One definition of creativity describes it as the ability to make new connections between things. How fitting then to have the theme – Art Connects Us – to describe the meeting of so many creative minds at the WAEA 2014 fall conference.
Art teachers are famous for developing innovations and finding alternative uses for just about anything. Most of the small appliances in my house have found their way to my classroom. I don’t know about you, but in my world, hair dryers dry paintings, toaster ovens melt shrinky dinks, blenders make paper pulp, and salad spinners make abstract paintings.
Art innovations based on new connections to materials, people and processes were abundant at the fall conference. The workshop I presented with my art teacher buddy, Tricia Evers, focused on using old tools in new ways, or hammers in the art room. The photographs show teachers engaged in a little hammer time. Another workshop called “slow looking” challenged participants to discuss art with students on a deeper more challenging level. Working with glass mosaics on 3D forms instead of flat surfaces was the process suggested by a pair of experienced glass artists. Another team of teachers presented collaborating across the curriculum with art, English, and math through a single project. Putting a new twist on Zentangle designs in the classroom by using different colors and materials was the hands on focus of another session.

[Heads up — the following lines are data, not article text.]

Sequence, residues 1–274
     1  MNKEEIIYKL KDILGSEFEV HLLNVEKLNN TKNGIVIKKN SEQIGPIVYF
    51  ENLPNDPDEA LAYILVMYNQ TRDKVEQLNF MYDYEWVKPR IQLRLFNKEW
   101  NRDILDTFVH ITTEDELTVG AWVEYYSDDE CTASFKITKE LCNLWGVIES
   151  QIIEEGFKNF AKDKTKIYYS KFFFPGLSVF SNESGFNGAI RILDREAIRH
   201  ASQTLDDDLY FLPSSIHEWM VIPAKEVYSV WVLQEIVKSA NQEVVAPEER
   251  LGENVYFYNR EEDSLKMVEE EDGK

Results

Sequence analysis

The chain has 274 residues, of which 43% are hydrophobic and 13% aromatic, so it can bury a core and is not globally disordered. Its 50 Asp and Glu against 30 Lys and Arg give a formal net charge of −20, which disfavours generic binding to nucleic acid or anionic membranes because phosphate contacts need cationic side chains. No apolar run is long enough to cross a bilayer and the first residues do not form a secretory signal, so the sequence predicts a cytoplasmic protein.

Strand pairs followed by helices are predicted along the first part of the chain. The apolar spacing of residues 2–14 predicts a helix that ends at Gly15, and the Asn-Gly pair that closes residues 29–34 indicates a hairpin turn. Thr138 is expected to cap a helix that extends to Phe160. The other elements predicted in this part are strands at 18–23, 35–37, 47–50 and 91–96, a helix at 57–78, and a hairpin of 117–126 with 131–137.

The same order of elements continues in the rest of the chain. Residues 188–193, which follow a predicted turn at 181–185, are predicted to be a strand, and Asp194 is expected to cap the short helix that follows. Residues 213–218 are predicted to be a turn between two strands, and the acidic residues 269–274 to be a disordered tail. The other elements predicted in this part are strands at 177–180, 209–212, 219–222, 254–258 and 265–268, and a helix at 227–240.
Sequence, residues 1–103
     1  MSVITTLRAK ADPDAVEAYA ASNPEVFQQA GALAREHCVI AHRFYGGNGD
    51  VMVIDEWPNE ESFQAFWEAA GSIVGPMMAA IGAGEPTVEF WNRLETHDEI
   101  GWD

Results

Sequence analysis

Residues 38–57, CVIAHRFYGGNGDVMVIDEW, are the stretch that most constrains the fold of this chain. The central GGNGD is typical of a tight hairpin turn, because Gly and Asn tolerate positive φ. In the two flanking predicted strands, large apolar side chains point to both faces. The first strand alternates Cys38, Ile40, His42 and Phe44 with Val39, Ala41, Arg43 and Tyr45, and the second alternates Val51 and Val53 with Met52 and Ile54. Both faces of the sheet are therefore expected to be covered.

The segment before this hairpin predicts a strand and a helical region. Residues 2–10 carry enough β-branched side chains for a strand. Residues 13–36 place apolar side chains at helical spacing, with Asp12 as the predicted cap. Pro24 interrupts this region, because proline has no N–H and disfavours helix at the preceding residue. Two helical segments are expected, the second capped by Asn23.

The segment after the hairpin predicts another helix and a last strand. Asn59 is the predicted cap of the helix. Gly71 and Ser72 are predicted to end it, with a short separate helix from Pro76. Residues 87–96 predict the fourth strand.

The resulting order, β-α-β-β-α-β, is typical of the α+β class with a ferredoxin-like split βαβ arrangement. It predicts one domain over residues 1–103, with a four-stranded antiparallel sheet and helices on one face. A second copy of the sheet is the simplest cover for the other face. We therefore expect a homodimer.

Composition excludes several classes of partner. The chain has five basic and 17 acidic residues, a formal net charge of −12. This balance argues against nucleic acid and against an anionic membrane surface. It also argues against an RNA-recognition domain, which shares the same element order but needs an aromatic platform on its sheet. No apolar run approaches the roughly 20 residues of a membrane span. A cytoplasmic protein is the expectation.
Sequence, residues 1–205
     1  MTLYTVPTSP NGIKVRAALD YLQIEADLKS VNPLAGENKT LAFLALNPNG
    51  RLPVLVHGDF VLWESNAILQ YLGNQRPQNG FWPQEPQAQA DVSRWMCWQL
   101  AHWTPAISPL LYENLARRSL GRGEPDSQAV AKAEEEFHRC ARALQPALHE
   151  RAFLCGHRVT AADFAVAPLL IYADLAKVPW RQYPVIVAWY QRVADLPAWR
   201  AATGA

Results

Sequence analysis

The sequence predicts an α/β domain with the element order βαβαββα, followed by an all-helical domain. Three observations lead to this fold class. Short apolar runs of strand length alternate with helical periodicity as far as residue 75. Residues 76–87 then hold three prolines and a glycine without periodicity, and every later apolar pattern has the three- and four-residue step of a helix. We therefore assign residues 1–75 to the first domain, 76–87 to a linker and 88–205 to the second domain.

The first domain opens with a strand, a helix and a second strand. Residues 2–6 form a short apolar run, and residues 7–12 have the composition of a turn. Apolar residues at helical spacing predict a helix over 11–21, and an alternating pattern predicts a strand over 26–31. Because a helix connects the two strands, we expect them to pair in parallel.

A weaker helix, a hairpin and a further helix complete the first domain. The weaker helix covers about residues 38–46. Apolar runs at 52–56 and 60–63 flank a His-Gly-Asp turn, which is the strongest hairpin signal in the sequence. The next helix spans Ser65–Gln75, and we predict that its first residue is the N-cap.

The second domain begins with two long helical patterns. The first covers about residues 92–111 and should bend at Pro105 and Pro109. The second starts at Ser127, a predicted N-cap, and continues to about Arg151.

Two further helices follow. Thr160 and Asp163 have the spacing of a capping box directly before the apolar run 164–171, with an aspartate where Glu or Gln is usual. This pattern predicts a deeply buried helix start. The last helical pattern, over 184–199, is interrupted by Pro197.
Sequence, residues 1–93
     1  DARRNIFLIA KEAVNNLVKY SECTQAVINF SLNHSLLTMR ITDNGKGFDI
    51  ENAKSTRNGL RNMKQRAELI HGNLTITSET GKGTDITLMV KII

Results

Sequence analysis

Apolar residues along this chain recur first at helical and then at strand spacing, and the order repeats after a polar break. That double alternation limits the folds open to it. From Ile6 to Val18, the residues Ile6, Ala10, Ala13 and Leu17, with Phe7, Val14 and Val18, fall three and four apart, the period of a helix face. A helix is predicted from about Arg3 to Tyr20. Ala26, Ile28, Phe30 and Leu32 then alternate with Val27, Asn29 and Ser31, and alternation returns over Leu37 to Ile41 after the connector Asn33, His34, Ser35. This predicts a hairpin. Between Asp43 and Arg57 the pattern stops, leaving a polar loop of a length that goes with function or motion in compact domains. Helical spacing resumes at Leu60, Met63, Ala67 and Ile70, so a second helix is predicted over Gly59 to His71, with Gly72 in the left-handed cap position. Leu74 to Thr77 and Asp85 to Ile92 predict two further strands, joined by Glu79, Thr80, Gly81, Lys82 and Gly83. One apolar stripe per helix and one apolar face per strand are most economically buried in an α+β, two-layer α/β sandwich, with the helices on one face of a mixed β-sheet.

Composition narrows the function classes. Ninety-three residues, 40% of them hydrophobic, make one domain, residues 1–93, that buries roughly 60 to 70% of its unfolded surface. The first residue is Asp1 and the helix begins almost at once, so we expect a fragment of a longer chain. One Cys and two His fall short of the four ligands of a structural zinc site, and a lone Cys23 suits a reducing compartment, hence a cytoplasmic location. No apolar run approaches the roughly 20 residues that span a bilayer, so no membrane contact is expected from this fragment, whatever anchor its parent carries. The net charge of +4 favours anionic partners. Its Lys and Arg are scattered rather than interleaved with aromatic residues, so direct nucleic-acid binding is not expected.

The list of innovations goes on and on. There was something valuable to be learned no matter what workshops conference attendees were a part of. Being exposed to how other art educators do things allows us all to take a closer look at what we do in the classroom and put new life into our methods and lessons. It doesn’t have to be something earth shattering that has never been done before. Simple ideas and tweaks to what we are already doing can make a big difference in student learning.
My favorite comment on the workshop we gave was simply that this is what art was all about – experimenting with materials and having fun. The standards were imbedded in what we were doing, but the most obvious thing in the room was the joy of creating. I hope to be able to continue that pure joy and enthusiasm with my students.